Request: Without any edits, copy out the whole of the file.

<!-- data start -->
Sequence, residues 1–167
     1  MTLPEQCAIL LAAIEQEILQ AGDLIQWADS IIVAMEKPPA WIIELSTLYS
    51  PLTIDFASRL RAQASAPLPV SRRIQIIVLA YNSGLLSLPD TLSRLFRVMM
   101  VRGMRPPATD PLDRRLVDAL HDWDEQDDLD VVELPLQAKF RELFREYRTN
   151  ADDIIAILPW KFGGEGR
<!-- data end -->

Sequence, residues 1–167
     1  MTLPEQCAIL LAAIEQEILQ AGDLIQWADS IIVAMEKPPA WIIELSTLYS
    51  PLTIDFASRL RAQASAPLPV SRRIQIIVLA YNSGLLSLPD TLSRLFRVMM
   101  VRGMRPPATD PLDRRLVDAL HDWDEQDDLD VVELPLQAKF RELFREYRTN
   151  ADDIIAILPW KFGGEGR